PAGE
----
Open Headlights Circuit






When the headlight switch is closed (turned on), it allows current to pass to the Light Green circuit. This circuit feeds the headlights and the Open and Control relays. The Light Green circuit energizes the Control Relay coil, which opens the contacts and turns off power to the Close Relay coil, shutting down the Close circuit. The Light Green circuit also provides power to the Indicator Light. Finally, and most important, the Light Green circuit energizes the coil of the Open relay which closes the Open Relay contacts. The Open relay contacts energize the Violet circuit, which energizes the Open windings in the Motors and makes the Motors turn in the Open direction. The headlights keep turning until they hit the Upper Limit Switches. When BOTH of Upper Limit Switches are opened by the Motors, the ground path is taken away from the Open Relay, de-energizing the Open Relay coil. This causes the Open Relay contacts to open, and shuts off the Motors. . The switches also shut off the ground for the indicator light, turning off the light.



Close Headlights Circuit






When the Headlight switch is open (turned off), this de-energizes the coil of the Control Relay, which allows the contacts to close. The Control Relay contacts energize the coil of the Close Relay IF the Hold Open switch is closed. If the Hold Open switch is open, then there is no path to ground for the Close Relay, the Close Relay coil cannot energize, and the Close circuit is disabled.

When the coil of the Close Relay is energized, this closes the Close Relay contacts, which energizes the Red/Orange circuit. The Red/Orange circuit energizes the Close windings in the Motors, causing the Motors to turn in the close direction. When BOTH of Lower Limit Switches are opened by the Motors, the ground path is taken away from the Close Relay, de-energizing the Close Relay coil. This causes the Close Relay contacts to open, and shuts off the Motors.


Instrument Cluster Voltage Regulator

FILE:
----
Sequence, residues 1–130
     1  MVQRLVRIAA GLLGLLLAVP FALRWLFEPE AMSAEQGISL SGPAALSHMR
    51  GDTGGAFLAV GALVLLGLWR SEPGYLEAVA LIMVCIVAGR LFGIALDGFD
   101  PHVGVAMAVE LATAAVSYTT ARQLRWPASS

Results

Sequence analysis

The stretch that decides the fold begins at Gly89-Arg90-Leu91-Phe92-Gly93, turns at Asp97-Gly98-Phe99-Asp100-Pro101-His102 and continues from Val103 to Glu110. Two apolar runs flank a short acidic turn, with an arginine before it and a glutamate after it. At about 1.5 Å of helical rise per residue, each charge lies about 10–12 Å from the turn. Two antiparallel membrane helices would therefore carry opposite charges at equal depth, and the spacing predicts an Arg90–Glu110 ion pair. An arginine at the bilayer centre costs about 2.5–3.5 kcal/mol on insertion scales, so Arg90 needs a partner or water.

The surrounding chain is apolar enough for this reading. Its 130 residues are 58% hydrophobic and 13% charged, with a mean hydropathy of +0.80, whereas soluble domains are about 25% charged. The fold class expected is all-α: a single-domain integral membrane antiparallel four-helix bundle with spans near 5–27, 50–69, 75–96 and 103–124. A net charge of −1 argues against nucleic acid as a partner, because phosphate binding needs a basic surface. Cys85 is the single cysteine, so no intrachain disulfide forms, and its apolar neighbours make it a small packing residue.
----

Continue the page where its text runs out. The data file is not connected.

When the instrumentation for our 60s-70s MoPars was designed,
electromechanical devices were still far less expensive than semiconductor
devices. That is why mechanical voltage regulators were used. Today, we can
buy a semiconductor device for pennies (I remember paying DOLLARS for what
is now a crude transistor). It makes no sense to stay with a mechanical
regulator for your dash gauges, especially when you've updated to the MoPar
Performance electronic alternator voltage regulator. To my knowledge, no one
(yet) manufactures a retrofit regulator for the instrument clusters. But,
with modern integrated circuits, it's relatively easy to fabricate one for
yourself!

Before getting into the modern era, it might help to understand how the old
type worked. There were two physical versions used on MoPars (they work
identically). The A-body version was part of the fuel gauge; the others used
a separate unit that plugged into the instrument cluster's printed circuit
board.

The nominal 12 volts of the car's charging system is regulated down to
(approximately) 5 volts by a thermal "bimetallic" regulator, similar to that
used in a home heating system thermostat except that, in this case, the
bimetallic strip is heated by a nichrome (nickel-chromium) wire element.
As the heater element heats up, the bimetallic strip bends. When it bends
enough, it opens a set of contacts - interrupting the output (and heater)
current. The bimetallic strip then cools and closes the contacts, beginning
a new cycle. The up-and-down voltage variations are smoothed by a capacitor
(condenser) connected to the output. Over time, the contacts wear, and the
heating element can go open. This is when your temperature, fuel, and oil
pressure gauges stop working. Even when they are working, they tend to
fluctuate up-and-down. It was a crude system but, at the time, it was the
best thing available.


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The New Regulator

In the modern age, integrated circuit chips do a much better job of
regulating voltage and they're very easy to use. MoPar Action Magazine
presented their version of this conversion in the August 2000 issue, using
the LM7805 (5 volt fixed-output) 3-terminal regulator IC. While it'll bring
back your instrument cluster back from the dead, you may want something with
a bit more flexibility. Because the senders and gauges vary somewhat, it'd
be nice to be able to set the output of the regulator to compensate for
these tolerances. That's covered by another 3-terminal regulator - the
LM317.

The new circuit...

LM317T Connection Diagram (front view)
VOUT R2
3.61 510W
3.84 560W
4.12 620W
4.40 680W
4.72 750W
5.05 820W
5.46 910W
5.88 1000W
6.34 1100W
6.81 1200W
7.27 1300W
8.19 1500W
8.66 1600W
9.58 1800W
10.51 2000W
11.44 2200W


Bill Of Materials
C1 10µF, 16V Tantalum Capacitor
C2 1µF, 50V Tantalum Capacitor
C3 1µF, 16V Tantalum Capacitor
D1 1N4002 Diode (or any 1A diode)
R1 270 ohm, 5%, ¼ watt resistor
R2 5%, ¼ watt resistor (see chart, above)
U1 LM317T Regulator IC
Misc TO-220 heatsink (or small piece of aluminum)
1000 ohm trimmer potentiometer (optional)
perforated circuit board material



Building the circuit...
The physical layout is not very critical at all - and it can be built on a
small piece of perforated circuit board, or point-to-point. To realize the
1.5A capability of the IC, you must use a heat-sink of some kind. This can
be either a store-bought type or just a small piece of sheet aluminum. C1,
C2, and C3 should be "tantalum" types (don't use aluminum electrolytic